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Scientific Investigations Report 2012–5062


Groundwater Simulation and Management Models for the Upper Klamath Basin, Oregon and California


Summary


The permeable volcanic bedrock of the upper Klamath Basin hosts a substantial regional groundwater flow system that provides much of the flow to major streams and lakes. These streams and lakes, in turn, provide water for wildlife habitat and are the principal source of irrigation water for the basin’s agricultural economy. Increased allocation of surface water for aquatic wildlife in the past decade has resulted in increased reliance on groundwater for irrigation. The potential effects of increased groundwater pumping on groundwater levels and discharge to springs and streams has caused concern among irrigators dependent on groundwater, resource managers, wildlife biologists, and other stakeholders. In order to better understand the groundwater hydrology of the basin, to provide information on the potential impacts of increased groundwater development, and to aid in the development of groundwater management strategies, the U.S. Geological Survey (USGS), in collaboration with the Oregon Water Resources Department and the U.S. Bureau of Reclamation, developed a groundwater flow model that can simulate the response of the hydrologic system to these new stresses. 


The flow model, which is described in this report, was developed using the USGS MODFLOW finite-difference modeling code. Model cells have lateral dimensions of 2,500 feet (ft) by 2,500 ft and are aligned in a grid consisting of 285 east-west trending rows and 210 north-south trending columns covering the entire upper Klamath Basin. In the vertical dimension, the model consists of three layers of varying thicknesses ranging from about 5 ft to 3,600 ft, depending on topography and proximity to the edge of the model. Hydraulic characteristics of subsurface materials are represented in 18 hydraulic parameter zones reflecting large-scale geologic conditions. Hydraulic parameter zonation is simpler at depth due to the lack of detailed geologic information.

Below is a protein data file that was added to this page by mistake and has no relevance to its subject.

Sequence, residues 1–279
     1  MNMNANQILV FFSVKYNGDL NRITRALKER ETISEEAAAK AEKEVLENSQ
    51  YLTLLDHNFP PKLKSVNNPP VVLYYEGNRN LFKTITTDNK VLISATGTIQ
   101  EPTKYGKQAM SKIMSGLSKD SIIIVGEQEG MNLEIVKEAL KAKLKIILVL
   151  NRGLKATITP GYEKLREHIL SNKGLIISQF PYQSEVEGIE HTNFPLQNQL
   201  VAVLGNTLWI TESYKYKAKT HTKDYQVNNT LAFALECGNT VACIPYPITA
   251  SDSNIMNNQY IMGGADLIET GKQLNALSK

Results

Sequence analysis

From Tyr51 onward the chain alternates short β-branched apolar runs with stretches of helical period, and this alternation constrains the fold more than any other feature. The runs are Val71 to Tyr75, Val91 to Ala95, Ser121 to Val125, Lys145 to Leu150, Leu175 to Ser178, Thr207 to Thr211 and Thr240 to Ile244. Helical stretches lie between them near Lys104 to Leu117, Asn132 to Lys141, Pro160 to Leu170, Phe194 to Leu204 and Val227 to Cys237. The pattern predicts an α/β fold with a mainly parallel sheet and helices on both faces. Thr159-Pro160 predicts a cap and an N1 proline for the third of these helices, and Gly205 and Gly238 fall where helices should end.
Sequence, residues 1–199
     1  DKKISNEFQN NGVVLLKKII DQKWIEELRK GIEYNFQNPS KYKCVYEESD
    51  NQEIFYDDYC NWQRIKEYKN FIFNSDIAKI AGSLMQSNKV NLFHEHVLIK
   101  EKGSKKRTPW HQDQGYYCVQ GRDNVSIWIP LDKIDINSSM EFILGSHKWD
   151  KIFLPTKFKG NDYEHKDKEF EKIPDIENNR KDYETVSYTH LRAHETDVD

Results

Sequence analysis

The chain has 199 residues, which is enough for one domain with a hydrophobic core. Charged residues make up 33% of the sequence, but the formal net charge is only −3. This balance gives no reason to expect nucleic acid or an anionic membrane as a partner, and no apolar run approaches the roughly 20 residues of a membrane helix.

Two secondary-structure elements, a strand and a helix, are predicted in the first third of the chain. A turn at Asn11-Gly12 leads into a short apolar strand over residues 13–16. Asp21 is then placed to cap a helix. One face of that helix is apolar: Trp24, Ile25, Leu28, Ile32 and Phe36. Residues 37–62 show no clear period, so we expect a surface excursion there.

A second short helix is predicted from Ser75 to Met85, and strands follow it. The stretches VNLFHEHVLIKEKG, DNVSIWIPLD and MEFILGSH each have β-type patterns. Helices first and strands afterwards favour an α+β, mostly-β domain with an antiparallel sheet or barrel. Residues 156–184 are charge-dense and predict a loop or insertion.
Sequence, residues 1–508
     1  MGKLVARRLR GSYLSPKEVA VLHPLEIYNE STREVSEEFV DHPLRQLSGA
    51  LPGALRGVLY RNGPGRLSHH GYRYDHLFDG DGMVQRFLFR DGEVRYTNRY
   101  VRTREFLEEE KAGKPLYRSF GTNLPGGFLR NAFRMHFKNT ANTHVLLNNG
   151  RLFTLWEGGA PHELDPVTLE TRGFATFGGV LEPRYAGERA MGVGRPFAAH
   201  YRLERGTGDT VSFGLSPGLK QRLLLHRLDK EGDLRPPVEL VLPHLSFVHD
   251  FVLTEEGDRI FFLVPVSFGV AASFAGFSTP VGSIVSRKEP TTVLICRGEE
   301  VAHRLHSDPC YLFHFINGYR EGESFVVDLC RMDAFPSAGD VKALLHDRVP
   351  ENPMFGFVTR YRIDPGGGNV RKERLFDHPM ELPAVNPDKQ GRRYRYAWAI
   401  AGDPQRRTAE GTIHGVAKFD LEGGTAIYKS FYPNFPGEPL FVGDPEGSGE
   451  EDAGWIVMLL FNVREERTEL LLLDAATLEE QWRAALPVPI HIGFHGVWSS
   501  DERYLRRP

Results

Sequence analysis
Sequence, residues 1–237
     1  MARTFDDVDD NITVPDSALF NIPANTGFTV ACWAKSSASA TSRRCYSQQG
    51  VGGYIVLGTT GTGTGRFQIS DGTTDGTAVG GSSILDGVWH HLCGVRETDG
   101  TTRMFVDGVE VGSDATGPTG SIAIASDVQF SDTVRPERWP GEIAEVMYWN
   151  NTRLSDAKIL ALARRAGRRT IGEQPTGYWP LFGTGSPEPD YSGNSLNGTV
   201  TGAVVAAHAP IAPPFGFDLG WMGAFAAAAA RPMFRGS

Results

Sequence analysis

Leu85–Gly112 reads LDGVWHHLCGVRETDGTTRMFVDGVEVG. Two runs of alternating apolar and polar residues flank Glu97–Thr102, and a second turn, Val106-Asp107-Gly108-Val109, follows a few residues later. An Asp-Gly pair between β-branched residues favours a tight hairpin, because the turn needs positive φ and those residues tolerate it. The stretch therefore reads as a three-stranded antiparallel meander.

Boundary conditions include specified-flux boundaries and head-dependent flux boundaries. Most boundaries with adjacent basins, as well as the contact with underlying low-permeability early Tertiary strata, are formulated with specified fluxes of zero. Groundwater recharge and pumping are simulated as specified fluxes varying each quarterly stress period. Head-dependent flux boundaries include streams, lakes and reservoirs, agricultural drains, evapotranspiration directly from aquifers in areas of shallow groundwater, and boundaries with adjacent basins in selected areas. All major streams and most major tributaries with substantial groundwater discharge are included in the model. 


The model was calibrated using inverse methods to transient conditions from 1989 to 2004. Calibration data included 5,636 head measurements from 663 wells. Of these, 444 wells had time series consisting of 2 to 64 observations. Estimates of average groundwater discharge were available for 52 stream reaches or spring complexes. Time series of estimated groundwater discharge were available for 10 stream reaches or springs. The calibration data show that the groundwater system in the upper Klamath Basin responds to decadal climate cycles, with groundwater levels and spring flows rising and falling in response to wet and dry periods. Groundwater levels also show seasonal and year-to-year fluctuations in response to groundwater pumping. 


Calibrated hydraulic conductivity values span nearly four orders of magnitude, ranging from 5.9×10–6 feet per second (ft/s) for Quaternary volcanic rocks in the southern part of the model area to 1.2×10–2 ft/s for Mazama tephra deposits. Late Tertiary volcanic deposits range from 1.0×10–5 ft/s to 9.3×10–4 ft/s. Quaternary volcanic deposits (other than Mazama tephra deposits) range from 5.9×10–6 ft/s to 4.0×10–5 ft/s. Late Tertiary sedimentary strata range from 2.9×10–4 ft/s to 3.5×10–3 ft/s, and the calibrated hydraulic conductivity for Quaternary sediments is 5.8×10–3 ft/s. Calibrated specific storage values range from 7.5×10–7 ft–1 to 1.0×10–3 ft–1, with the smallest values more common with increasing depth. Vertical anisotropy (the ratio of horizontal hydraulic conductivity to vertical hydraulic conductivity) ranges from 10 to 1,000.